A longhand note written by Harry S. Truman while he was a judge for Jackson County, Missouri. In this note, Truman provides a character sketch of fellow Jackson County judges Howard J. Vrooman and Robert W. Barr. Truman comments that "I got a lot of good legislation for Jackson Co. over while they [Vrooman and Barr] shot craps... By having a good host [Vrooman] and a man with an inferiority complex [Barr] I was able to expend $7,000,000.00 for the taxpayers benefit. At the same time I gave away about a million in general revenue to satisfy the politicians."

A longhand note written by Harry S. Truman while he was a judge for Jackson County, Missouri. In this note, Truman provides a character sketch of fellow Jackson County judge Thomas B. Bash and describes political activity in Kansas City between 1928 and 1931.

Photograph of the interior of St. Peter & Paul Church, once located at the southwest corner of 9th Street and McGee Street.

Photograph of the altar of St. Peter & Paul Church, once located at the southwest corner of 9th Street and McGee Street.

Photograph of St. Peter & Paul Church, once located at the southwest corner of 9th Street and McGee Street. This vantage point faces west-southwest from the southeast corner of 9th and McGee.

Photograph of St. Peter & Paul Church, once located at the southwest corner of 9th Street and McGee Street. This vantage point faces southwest from a building at the northeast corner of 9th and McGee. Construction of the Federal Reserve Bank of Kansas City is pictured in the left background.

Date: 
1919

Invitation in English and German to the Golden Jubilee of St. Mary's Altar Society of St. Peter and Pauls Parish on November 7, 1920. The parish was located at the southwest corner of 9th Street and McGee Street, Kansas City, Missouri.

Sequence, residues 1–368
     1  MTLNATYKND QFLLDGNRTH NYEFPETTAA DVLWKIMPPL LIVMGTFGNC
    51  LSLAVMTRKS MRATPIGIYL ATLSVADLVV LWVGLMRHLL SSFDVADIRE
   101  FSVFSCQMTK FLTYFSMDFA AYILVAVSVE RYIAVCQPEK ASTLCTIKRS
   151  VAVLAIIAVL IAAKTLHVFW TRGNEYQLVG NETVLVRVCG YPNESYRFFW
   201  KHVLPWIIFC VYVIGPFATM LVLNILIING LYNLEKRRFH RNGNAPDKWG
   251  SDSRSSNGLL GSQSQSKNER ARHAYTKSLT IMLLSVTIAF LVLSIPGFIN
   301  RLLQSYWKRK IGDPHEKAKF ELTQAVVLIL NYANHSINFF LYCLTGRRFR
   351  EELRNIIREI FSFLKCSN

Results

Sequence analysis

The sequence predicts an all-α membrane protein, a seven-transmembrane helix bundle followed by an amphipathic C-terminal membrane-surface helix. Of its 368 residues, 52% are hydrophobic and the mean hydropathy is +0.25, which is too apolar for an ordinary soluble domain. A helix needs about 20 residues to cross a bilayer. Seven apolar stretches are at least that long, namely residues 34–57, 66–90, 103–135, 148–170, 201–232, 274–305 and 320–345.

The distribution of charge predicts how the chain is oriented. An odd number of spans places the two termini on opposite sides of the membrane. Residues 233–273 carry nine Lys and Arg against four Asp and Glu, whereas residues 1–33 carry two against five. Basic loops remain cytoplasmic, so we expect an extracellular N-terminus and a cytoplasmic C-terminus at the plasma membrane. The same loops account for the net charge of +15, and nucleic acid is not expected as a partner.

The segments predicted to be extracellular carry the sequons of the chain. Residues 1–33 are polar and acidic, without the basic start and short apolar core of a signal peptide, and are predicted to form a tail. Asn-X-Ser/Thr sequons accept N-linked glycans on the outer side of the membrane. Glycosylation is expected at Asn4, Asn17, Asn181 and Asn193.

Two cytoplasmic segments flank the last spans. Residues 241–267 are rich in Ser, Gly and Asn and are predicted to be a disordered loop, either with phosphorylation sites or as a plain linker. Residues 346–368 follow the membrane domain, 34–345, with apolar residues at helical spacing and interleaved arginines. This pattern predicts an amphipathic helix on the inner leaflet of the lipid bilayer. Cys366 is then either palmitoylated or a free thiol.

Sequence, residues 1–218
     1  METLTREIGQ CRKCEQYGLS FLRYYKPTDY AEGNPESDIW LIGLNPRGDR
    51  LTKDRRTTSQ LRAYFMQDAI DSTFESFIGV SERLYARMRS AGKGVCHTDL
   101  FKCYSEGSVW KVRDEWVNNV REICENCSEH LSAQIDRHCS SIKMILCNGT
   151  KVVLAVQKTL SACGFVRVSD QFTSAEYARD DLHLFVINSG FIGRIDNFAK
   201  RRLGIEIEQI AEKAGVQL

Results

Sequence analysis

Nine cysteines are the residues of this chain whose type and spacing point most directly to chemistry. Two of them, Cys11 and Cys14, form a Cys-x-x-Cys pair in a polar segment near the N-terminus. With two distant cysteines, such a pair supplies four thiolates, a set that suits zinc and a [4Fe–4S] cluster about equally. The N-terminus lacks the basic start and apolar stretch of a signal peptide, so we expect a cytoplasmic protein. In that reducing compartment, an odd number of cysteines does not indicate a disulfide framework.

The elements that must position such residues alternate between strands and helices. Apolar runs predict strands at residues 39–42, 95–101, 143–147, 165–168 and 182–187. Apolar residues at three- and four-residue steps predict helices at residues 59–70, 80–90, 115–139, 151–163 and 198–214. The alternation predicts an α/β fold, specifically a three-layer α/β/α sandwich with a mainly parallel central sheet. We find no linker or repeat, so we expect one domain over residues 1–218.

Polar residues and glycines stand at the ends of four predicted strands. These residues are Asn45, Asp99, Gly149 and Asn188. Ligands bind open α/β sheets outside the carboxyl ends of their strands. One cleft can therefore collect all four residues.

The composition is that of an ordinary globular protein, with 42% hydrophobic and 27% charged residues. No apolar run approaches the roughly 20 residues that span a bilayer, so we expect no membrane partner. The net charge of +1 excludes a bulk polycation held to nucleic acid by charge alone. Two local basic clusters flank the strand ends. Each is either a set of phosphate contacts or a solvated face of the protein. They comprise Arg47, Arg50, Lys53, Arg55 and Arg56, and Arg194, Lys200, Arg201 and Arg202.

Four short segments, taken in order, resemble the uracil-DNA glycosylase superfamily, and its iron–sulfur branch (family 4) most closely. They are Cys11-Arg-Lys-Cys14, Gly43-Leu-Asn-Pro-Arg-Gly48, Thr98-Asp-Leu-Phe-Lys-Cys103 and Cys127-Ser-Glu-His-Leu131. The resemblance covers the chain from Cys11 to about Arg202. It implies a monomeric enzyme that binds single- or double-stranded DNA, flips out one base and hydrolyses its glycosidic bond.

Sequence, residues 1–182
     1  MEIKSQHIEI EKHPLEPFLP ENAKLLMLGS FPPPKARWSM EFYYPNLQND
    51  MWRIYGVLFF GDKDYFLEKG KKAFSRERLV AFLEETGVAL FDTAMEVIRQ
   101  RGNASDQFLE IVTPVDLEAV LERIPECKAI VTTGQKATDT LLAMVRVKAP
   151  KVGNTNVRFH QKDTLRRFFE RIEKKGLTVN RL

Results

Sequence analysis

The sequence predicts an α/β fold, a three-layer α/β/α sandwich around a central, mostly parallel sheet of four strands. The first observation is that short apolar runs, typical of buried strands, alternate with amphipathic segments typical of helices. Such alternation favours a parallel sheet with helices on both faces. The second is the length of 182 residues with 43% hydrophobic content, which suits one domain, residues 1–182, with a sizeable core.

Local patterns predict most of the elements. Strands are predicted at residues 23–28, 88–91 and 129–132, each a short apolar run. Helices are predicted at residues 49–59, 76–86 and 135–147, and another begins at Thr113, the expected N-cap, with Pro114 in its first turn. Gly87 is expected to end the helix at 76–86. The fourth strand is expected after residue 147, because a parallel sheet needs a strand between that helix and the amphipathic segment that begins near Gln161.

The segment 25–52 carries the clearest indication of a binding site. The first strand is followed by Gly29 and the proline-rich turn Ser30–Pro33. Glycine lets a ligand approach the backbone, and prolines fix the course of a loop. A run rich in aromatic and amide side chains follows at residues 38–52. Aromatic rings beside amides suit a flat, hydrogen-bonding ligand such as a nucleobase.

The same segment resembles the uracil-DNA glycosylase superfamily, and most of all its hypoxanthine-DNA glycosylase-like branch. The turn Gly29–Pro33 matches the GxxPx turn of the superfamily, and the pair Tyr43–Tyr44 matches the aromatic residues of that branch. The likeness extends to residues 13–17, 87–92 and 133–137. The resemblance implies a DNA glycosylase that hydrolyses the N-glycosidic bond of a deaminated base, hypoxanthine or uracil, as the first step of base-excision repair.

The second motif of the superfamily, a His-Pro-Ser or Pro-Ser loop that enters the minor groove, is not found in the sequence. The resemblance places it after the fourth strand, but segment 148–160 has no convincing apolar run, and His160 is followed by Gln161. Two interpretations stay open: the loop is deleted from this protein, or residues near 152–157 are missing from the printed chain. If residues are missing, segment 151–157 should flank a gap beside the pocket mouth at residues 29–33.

Date: 
October 15th 1920

Postcard showing the Kansas City, Missouri financial district from atop the Bell Telephone Building at the northwest corner of 11th Street and Oak Street. This elevated vantage point faces northwest and shows the Reliance Building (foreground right), the Lathrop Building (foreground left), the R. A. Long Building and Commerce Trust Building (background left), and the Scarritt Building and Federal Building (background right). The back of the postcard includes a brief caption about this city district and a short letter to G. A. Shadbolt of Hot Springs, Arkansas from his wife Nellie.

Date: 
October 21st 1922

Extant excerpt of a KMBC special radio broadcast: Three Kansas City police reporters talk about their work, about Kansas City crime, and share their on-the-job stories. Discussion of Frank Nash, Charles Arthur "Pretty Boy" Floyd, and Otto Higgins are included.

Date: 
November 19th 1938

KMBC radio broadcast of "Family Album of Song", a musical program featuring the Midwesterners Quartet, vocal quartet, and organist P. Hans Flath, with announcer Jack Starr. Musical selections include: Song of songs (opening theme); At dawning (I love you; Tell me the old, old story; Organ solo; Long, long ago; Oh promise me; Closing.

Date: 
June 22nd 1937

Pages

KANSAS CITY PUBLIC LIBRARY | DIGITAL HISTORY
Civil War on the Western Border: The Missouri-Kansas Conflict,1855-1865.
The Pendergast Years, Kansas City in the Jazz Age & Great Depression.
KC History, Missouri Valley Special Collections at the Kansas City Public Library.